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Schools exist in a data ocean where they are literally drowning in data with few lifeboats available to support them in identifying trends, patterns and insights.

For many, the sheer task of extracting the data from their various systems and then presenting it in a way that others can view, interpret and analyse, is a full-time task.

So, the reality is that many schools are only examining a microscopic amount of their data, for example, NAPLAN results, achievement data, and/or Year 12 ATAR results, to name a few.

They are viewing much of their data in isolation, in other words, only examining achievement data without considering student progress over time.

female teacher drowning in student data

If we consider that a schools’ key purpose is to support student learning and wellbeing and then it is critical that they gather evidence of student progress and use this to evaluate their impact. Professor Hattie (2012) notes that a teachers’ role is to evaluate the effect they have on students and then to “act on this knowing and understanding…”.

Across all states and education systems (government and independent) schools have to undertake some form of review or re-registration process every 4–5 years. As part of this process, schools must demonstrate compliance with a range of requirements and tracking student achievement and progress sits at the heart of these processes. The AITSL standards also identify at teacher and leadership level standards that require leaders and teachers to “analyse and share information, to monitor progress against goals…” and “a plan how it should be used in the support of student learning outcomes…”.

What does all this mean?

Schools need tools that make it easy for them to expose trends in their data, identify potential issues, whilst at the same time making informed and data-driven decisions about student learning and progress.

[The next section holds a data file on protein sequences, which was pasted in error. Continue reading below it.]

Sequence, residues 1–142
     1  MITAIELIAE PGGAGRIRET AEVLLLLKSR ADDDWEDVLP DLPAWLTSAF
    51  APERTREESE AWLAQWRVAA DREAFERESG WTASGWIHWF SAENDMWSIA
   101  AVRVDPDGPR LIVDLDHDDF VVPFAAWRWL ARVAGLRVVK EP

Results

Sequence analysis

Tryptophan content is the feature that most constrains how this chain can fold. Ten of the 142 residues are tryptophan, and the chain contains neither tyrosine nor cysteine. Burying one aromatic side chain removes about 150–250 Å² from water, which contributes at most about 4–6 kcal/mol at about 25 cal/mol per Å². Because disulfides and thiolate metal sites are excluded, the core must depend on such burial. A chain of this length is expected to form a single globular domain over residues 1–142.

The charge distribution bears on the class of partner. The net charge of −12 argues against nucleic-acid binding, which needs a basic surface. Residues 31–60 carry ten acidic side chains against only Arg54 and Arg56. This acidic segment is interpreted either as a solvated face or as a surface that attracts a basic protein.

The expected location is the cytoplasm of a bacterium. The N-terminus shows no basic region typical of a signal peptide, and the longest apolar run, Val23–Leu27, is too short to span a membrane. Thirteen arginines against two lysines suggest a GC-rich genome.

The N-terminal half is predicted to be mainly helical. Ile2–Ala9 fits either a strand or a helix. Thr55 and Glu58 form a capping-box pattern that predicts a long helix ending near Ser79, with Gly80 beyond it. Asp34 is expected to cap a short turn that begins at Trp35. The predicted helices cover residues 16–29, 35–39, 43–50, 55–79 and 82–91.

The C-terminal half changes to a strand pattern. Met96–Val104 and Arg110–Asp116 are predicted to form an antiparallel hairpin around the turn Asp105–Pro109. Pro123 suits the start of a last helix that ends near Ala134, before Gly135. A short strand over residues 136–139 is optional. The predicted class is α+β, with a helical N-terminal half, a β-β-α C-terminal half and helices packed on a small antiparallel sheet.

Consider the data that sits within a School’s SEQTA system on an individual student, let’s look at Sam. Sam’s school would have data recorded across all his K–12 years at the school. This data includes his full attendance history, including the number of times he has arrived late to class, all the wellbeing notes entered by teachers, leaders, counsellors etc, individual education plans, correspondence, assessment data both formative and summative, teacher feedback comments, Sam’s student expectations and reflections, all his academic reports and standardised assessment information. This one student has generated a lake of data. Now extrapolate that to a class of students, a year level and a sub-school and the size of the task facing schools is enormous.

How can they access this data and, put it in a form that makes it easy to interpret and analyse and identify the patterns and translate this into classroom practice and improve student learning outcomes?

The SEQTA Analyse tool removes the need for schools to have an understanding of data analytics as there are a wide range of reports and dashboards available, that are immediately useable and can be customised to suit a schools’ requirements. Schools can then start asking the big questions, for example:

  • What is the impact of teaching and learning?
  • How are individual students progressing across all data sets?
  • To what extent are there patterns and trends in our data?
  • Which students are making low progress as compared to high achievement in our standardised testing data?
  • How are we supporting students on individual education plans?
SEQTA Analyse takes the pain out of data analytics as it enables schools to easily monitor their data oceans using lifeboats. These lifeboats provide live dashboards and reports that facilitate meaningful evidence-based discussions with students, teachers and parents about student progress.

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Kim Edwards

Kim Edwards provides professional development for teachers and school leaders. Prior to joining SEQTA, Kim was Deputy Principal and MYP Coordinator for 11 years.

Bibliography Australian Professional Standards for Teachers. (n.d.). Retrieved November 16, 2021, from https://www.aitsl.edu.au/teach/standards

Hattie, J. (2012). Visible Learning for Teachers: Maximizing Impact on Learning. New York: Routledge.